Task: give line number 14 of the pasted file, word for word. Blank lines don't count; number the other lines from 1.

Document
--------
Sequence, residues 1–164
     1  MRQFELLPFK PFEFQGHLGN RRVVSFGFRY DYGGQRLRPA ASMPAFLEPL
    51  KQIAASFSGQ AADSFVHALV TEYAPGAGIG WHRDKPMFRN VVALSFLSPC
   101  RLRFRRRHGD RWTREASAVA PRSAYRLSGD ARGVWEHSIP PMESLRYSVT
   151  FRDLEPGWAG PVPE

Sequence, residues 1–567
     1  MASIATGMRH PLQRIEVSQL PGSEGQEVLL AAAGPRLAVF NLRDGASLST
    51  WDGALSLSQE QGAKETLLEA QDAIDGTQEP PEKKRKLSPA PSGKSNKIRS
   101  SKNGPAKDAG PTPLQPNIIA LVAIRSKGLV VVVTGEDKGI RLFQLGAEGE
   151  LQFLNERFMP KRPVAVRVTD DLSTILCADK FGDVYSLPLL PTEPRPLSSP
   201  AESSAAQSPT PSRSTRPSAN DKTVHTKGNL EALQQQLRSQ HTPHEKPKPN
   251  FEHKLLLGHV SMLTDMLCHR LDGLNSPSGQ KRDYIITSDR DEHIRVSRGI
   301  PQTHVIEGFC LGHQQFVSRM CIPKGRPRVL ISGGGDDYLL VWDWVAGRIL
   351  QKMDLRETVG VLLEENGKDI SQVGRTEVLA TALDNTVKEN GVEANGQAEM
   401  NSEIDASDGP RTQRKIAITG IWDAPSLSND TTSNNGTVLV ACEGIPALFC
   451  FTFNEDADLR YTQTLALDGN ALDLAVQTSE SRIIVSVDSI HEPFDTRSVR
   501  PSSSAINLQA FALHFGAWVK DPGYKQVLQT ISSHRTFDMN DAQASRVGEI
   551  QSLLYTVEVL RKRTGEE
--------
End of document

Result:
   351  QKMDLRETVG VLLEENGKDI SQVGRTEVLA TALDNTVKEN GVEANGQAEM